By Stephen Blank
March 15th, 2016, The CACI Analyst
For years, Moscow has fulminated against the Taliban as a terrorist force that represented a threat not only to Afghanistan’s security but also to Central Asia and even to Russia itself. Yet news surfaced in December that Russia is sharing intelligence with the Taliban and apparently has been in discussions with it since 2013. According to U.S. intelligence sources, these discussions have also been accompanied by weapons transfers. Thus, while Russia is constantly, along with Central Asian leaders, playing up the ISIS threat and selling weapons to the Afghan government, it also shares intelligence and possibly sells weapons to its Taliban adversaries. These contradictions expose some of the problems in Russia’s regional policies in Central Asia and in its approach to terrorism.
By Avinoam Idan
February 29th, 2016, The CACI Analyst
The importance of Turkey’s downing of a Russian aircraft and the current Russian-Turkish confrontation is not only connected to the crisis in Syria; it could become a trigger for escalation between Russia and NATO. Since the break-up of the Soviet Union and NATO’s expansion eastward toward the Russian border, Russia has seen NATO as a major security threat to itself and its geostrategic space. Turkey is an important member of NATO, and 2016 is an election year in Washington. This serves as a window of opportunity for President Putin, who can take advantage of tensions with Turkey to undermine NATO’s standing.
By Eka Janashia
December 9th, the CACI Analyst
On November 23, a group supportive of the terrorist organization calling itself the Islamic State (ISIS) released a video via social media calling on Georgian Muslims to join the “Islamic caliphate” and admonishing that the time of beheading “infidels” would soon come.
The twelve-minute video containing the “message to the Georgian people” was posted on the Russian-language Furat’s social media accounts and a Georgian-language pro-ISIS website, proclaiming itself to be the “Caliphate’s Georgian Information Channel.” The video, featuring Russian subtitles, shows four Georgian-speaking men, armed with AK-47 rifles and a rocket-propelled grenade launcher.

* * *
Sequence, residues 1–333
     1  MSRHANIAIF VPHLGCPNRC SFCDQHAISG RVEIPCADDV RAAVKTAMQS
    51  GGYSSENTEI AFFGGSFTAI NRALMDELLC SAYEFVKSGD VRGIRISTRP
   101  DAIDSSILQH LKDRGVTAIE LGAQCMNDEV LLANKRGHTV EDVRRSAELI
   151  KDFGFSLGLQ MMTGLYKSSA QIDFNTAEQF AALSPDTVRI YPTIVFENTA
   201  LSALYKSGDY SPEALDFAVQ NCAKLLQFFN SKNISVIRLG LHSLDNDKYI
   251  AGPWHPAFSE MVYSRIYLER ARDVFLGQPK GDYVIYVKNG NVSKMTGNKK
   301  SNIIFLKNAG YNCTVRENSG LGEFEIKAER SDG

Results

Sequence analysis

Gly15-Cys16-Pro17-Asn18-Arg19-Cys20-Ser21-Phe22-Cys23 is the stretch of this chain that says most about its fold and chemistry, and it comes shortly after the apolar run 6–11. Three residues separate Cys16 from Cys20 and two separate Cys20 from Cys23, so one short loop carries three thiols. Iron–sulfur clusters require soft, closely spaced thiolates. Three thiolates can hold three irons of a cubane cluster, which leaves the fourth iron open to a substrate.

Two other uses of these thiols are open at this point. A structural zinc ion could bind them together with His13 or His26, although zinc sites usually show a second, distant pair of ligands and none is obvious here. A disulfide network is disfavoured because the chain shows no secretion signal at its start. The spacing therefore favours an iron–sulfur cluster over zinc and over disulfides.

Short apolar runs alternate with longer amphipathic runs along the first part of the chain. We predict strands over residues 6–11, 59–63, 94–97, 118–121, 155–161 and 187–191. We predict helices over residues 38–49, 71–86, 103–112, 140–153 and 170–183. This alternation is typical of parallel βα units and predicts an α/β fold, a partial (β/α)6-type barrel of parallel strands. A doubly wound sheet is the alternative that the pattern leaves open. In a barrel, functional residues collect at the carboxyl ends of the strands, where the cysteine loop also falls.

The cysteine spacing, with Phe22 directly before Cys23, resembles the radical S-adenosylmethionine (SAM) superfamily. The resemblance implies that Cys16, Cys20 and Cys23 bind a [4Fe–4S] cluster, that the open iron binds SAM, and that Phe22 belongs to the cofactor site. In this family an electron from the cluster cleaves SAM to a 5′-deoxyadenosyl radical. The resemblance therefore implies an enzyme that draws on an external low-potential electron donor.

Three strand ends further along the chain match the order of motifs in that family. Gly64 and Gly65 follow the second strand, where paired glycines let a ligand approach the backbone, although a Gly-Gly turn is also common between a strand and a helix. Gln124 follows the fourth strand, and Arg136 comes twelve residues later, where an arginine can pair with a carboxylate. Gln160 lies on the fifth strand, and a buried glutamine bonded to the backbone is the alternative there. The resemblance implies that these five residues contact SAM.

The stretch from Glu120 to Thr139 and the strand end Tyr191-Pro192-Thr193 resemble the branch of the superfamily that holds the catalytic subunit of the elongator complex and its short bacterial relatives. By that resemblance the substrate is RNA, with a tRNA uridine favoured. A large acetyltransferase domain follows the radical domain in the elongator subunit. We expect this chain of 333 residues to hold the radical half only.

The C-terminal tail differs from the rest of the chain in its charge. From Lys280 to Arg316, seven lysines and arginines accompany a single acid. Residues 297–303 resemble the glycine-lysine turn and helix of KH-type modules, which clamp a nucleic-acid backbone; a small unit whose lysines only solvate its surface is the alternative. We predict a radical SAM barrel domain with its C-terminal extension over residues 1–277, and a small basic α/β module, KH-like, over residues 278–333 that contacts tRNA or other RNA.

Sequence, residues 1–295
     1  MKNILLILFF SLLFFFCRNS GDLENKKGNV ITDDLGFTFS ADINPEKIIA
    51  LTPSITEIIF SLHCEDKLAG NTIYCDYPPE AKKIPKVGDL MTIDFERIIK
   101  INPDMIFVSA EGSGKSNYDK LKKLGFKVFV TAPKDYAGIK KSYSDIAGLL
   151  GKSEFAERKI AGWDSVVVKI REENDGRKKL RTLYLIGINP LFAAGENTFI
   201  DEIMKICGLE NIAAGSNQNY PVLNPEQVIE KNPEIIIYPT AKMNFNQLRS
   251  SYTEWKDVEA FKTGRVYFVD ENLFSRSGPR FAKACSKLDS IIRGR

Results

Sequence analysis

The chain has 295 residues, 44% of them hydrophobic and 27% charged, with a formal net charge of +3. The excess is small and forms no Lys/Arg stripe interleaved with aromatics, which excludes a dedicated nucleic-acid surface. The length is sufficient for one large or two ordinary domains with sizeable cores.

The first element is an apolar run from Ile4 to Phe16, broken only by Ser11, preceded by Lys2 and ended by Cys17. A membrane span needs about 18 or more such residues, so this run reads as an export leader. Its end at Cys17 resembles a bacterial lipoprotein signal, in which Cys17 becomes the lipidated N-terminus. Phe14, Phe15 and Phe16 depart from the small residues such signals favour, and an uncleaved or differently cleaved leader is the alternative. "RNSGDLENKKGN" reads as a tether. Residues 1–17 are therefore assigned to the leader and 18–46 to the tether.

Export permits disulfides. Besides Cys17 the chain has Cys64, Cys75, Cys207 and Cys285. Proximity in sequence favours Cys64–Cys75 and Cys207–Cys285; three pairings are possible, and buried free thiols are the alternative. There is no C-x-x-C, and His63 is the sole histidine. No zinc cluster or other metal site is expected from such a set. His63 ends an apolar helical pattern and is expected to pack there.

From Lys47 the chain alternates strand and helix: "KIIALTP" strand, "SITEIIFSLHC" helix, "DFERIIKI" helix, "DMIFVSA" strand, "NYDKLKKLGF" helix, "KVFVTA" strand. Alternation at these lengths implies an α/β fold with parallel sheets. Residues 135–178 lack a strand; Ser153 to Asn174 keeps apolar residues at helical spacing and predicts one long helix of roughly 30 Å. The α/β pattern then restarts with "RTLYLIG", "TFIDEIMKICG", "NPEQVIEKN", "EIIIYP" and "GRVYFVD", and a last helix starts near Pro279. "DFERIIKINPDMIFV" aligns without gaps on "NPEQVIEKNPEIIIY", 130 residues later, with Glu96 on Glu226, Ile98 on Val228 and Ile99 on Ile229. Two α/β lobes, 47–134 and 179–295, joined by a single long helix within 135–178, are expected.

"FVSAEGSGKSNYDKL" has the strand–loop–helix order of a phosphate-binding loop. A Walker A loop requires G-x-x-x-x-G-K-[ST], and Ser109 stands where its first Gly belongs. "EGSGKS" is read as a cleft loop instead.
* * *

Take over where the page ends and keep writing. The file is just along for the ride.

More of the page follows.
By Huseyn Aliyev, Emil A. Souleimanov
November 23rd, 2015, The CACI Analyst
In early October, Russia's Minister of Defense Sergei Shoigu announced that Russian navy warships based in the Caspian Sea had fired a total of 26 missiles at the positions of the terrorist organization calling itself the Islamic State (ISIS) in Syria. The minister claimed that all the 11 targets, located around 1,500 kilometers from the warships, were destroyed over two days. Russian authorities and pro-regime media have considered the strikes a big success. While information soon resurfaced that some cruise missiles had landed on Iranian soil, the fact that the October strike is definite proof of the failed attempts to turn the landlocked water basin into a demilitarized zone has received less attention.
By Dmitry Shlapentokh
November 6, 2015, The CACI Analyst
Moscow has recently undertaken several actions aiming to increase Russia’s influence in the Middle East and Central Asia. On August 23-28, 2015, the Collective Security Treaty Organization (CSTO), which includes several members from Central Asia, undertook military exercises in Russia. Russian authorities stated that the maneuvers aimed to help CSTO members develop means to effectively move airborne forces and other troops to conflict zones, including in Central Asia. The exercises partly served to address a real concern on the part of Russia as well as other CSTO members over the rise of the terrorist organization calling itself the Islamic State (ISIS). However, Russia sees ISIS not only as a threat but also as an opportunity for both increasing Russia’s influence in Central Asia and providing a pretext for its venture in the Middle East.
The Central Asia-Caucasus Analyst is a biweekly publication of the Central Asia-Caucasus Institute & Silk Road Studies Program, a Joint Transatlantic Research and Policy Center affiliated with the American Foreign Policy Council, Washington DC., and the Institute for Security and Development Policy, Stockholm. For 15 years, the Analyst has brought cutting edge analysis of the region geared toward a practitioner audience.